Today's kids have no idea what it's like to pound the keys of a manual Royal typewriter. They've never heard the sharp ding announcing the approach of the right margin, and they've certainly never gotten their fingers black or red while untangling a wayward ribbon. They know nothing about jamming keys or carbon paper. A platen is as foreign to them as a bail arm, a carriage return, or a paper guide.
At 12 years old, I taught myself to type on my sister's portable Royal. She was 16 and had received this marvelous piece of machinery as a birthday present. I was allowed to touch it by promising I would help her with barn chores. I much preferred housework, but the temptation of that beautiful Royal was more than I could bear. I made a promise we both knew I would never keep.
Someone had given us a red typing manual that stood up instead of laying flat on the table. From that book I honed my skill. The summer of 1959 found me at the kitchen table pounding keys from the time I got up until late into the evening. I'm sure I took breaks for picking strawberries and blueberries and completing my chores, but not much more could lure me away from that wonderful machine and the many exercises the manual offered.
Sharon M. Kennedy
By summer's end, Jude threatened to lock her typewriter in its case and hide the key. I had driven everyone in our house nuts except Gram because she was hard of hearing. My typing cooled down when school started, but every weekend and every summer I was back at my post, banging away on the Royal. My efforts paid off. By the time I took a typing class in high school, I was probably as proficient as the teacher.
When I was young, as far as I knew four career choices were available to women. We could become a nurse, a nun, a teacher or a secretary. One by one I narrowed the field. I wanted to be a nurse but sick people made me sick. My nun phase lasted until I fell in love with the boy who sat at my table in first grade. I gave up dreaming of the teaching profession in 1968 when a young, unenlightened college counselor informed me English teachers had no future. Nothing was left but secretarial work.
Although I never mastered shorthand, I was a fast and accurate typist when placed in front of a manual machine. I knew I would excel at any office job thanks to my attention to detail and meticulous working habits. In the summer of 1966, I approached my first real position with all the confidence of a well trained athlete. I would be typing for Professor Stephen Youngs at what is now Lake Superior State University in Sault Ste. Marie.
I remember the morning of my first day of work. I awakened full of hope, convinced I would astound those around me by my speed and accuracy. My freshman year of college was successfully behind me and I no longer had to work at Turley's Lockview Restaurant as a summer waitress. Dad trusted me with our Chevy station wagon and life was good.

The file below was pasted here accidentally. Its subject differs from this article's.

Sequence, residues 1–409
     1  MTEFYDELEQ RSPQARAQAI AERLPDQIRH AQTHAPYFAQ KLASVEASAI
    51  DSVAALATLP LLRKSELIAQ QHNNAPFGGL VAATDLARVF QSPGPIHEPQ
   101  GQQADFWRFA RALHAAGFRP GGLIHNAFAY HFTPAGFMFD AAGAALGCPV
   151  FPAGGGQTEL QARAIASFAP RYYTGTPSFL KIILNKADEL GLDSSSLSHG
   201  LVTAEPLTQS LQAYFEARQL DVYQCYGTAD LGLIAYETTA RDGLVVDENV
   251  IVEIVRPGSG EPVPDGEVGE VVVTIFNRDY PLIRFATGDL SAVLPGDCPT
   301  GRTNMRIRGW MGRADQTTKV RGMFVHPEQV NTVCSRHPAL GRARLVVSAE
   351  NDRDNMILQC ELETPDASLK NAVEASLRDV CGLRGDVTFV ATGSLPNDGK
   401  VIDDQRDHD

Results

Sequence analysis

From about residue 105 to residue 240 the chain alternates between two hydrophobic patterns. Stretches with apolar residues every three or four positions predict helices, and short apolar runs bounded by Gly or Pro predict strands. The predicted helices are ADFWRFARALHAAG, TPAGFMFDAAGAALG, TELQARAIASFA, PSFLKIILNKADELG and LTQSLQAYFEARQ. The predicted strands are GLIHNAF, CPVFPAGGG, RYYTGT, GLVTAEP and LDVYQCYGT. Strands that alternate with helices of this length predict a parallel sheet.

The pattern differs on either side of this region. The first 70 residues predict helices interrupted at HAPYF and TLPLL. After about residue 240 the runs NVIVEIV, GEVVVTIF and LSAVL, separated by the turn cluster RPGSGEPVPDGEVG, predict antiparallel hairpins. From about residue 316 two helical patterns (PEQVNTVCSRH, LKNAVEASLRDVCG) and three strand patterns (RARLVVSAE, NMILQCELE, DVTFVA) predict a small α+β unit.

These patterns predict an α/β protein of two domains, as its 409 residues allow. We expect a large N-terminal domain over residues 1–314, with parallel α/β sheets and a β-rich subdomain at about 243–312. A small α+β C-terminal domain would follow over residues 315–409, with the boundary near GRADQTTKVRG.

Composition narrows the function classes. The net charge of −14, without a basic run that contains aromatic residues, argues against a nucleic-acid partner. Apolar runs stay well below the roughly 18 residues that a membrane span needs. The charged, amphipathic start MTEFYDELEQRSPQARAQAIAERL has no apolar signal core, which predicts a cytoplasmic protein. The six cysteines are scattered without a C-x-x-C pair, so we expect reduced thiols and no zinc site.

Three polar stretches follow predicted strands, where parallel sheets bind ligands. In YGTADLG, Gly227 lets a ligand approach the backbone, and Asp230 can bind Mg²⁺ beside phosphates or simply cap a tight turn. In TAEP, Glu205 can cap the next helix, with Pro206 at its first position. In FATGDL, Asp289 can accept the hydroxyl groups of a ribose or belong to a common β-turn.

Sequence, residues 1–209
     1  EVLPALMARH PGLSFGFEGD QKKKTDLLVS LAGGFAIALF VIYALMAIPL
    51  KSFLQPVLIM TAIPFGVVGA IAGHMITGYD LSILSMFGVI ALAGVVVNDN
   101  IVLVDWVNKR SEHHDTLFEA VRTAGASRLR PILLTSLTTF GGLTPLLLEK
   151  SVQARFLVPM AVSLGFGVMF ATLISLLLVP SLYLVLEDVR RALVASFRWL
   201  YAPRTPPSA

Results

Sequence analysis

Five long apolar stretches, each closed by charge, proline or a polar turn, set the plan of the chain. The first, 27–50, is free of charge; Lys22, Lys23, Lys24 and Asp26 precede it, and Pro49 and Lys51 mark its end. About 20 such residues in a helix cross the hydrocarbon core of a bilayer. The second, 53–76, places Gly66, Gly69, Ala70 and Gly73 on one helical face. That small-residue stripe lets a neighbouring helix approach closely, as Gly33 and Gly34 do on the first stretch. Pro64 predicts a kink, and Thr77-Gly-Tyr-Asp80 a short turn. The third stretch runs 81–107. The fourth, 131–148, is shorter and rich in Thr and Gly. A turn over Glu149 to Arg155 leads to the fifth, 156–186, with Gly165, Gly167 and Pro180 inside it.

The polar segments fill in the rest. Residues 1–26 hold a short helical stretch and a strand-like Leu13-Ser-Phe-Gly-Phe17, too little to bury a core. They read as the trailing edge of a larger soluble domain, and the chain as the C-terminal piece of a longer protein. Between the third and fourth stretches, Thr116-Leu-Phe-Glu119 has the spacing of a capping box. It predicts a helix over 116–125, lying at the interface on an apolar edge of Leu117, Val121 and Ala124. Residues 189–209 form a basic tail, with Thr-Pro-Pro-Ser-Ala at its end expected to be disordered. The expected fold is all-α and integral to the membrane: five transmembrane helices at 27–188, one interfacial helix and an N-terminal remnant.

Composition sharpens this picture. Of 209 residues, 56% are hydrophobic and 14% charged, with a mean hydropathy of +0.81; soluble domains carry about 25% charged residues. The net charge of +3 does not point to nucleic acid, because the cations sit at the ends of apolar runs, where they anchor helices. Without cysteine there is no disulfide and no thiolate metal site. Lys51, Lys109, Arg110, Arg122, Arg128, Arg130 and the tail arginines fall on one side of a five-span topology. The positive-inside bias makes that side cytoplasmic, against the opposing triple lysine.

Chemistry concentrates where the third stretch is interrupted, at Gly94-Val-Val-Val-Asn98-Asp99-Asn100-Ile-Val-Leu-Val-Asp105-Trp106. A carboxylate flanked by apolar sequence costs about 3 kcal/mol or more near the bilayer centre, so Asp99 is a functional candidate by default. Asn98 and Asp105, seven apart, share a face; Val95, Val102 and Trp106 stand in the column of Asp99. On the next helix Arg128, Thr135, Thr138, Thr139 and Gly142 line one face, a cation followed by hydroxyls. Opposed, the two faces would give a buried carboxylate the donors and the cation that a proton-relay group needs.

My joy was short lived. When I arrived on campus and uncovered the typewriter, feelings of horror and dismay shot through me. Instead of the lovely manual Royal I was expecting, an electric monster was hiding beneath the dust cover. I had never faced such an adversary and had no idea where to begin. That machine had a mind of its own. If I so much as breathed, it took off like a dog chasing a rabbit. What a disaster.
My beautiful typing skills didn't amount to a pinch of salt pitted against that electric fiend, but that wasn't the worst of it. When I applied for the job, no one informed me about the Dictaphone. Facing those two strangers, I was as lost as a shipwrecked sailor. By noon, I was ready to call it quits. I drove to my sister's house and told her my troubles. She listened sympathetically, handed me a Kleenex, and reminded me of the Princess Cake. She said my first attempt at baking that cake wasn't perfect, but with practice it improved. Her advice was to stick it out for at least one week.
And she was right. My boss was kind and patient. Co-workers helped me through the day and encouraged me through the week. By week two, I was more comfortable and by summer's end, all fear had vanished.
Over the years, I had various jobs, most revolving around secretarial work. Eventually my typing speed climbed to 115 words per minute. It never occurred to me I should have been advancing a career instead of making do with a job. Typing at amazing speeds was fine, but that's all it was. It's taken me years to discover that putting words together to create an interesting story is much more rewarding.
Today's women have career choices unheard of when I was young. The irony is many of them are still keyboard centered. I find it remarkable the skill I taught myself on Jude's portable Royal all those years ago is required in the workplaces of 2014.
Isn't it amazing how much things change while remaining the same?
Editor's note: Sharon M. Kennedy of Brimley is a humorist who infuses her musings with a hardy dose of matriarchal common sense. She writes about everyday experiences most of us have encountered at one time or another on our journey through life. Her articles are a combination of present day observations and nostalgic glances of the past.